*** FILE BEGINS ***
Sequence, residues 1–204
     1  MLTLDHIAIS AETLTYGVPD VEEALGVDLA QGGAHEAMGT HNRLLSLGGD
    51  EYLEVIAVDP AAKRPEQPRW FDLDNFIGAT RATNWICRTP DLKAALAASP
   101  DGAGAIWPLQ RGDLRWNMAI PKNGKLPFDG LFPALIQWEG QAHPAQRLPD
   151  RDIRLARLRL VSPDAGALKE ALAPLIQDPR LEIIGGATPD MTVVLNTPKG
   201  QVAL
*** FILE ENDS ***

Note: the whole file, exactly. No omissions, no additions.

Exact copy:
Sequence, residues 1–204
     1  MLTLDHIAIS AETLTYGVPD VEEALGVDLA QGGAHEAMGT HNRLLSLGGD
    51  EYLEVIAVDP AAKRPEQPRW FDLDNFIGAT RATNWICRTP DLKAALAASP
   101  DGAGAIWPLQ RGDLRWNMAI PKNGKLPFDG LFPALIQWEG QAHPAQRLPD
   151  RDIRLARLRL VSPDAGALKE ALAPLIQDPR LEIIGGATPD MTVVLNTPKG
   201  QVAL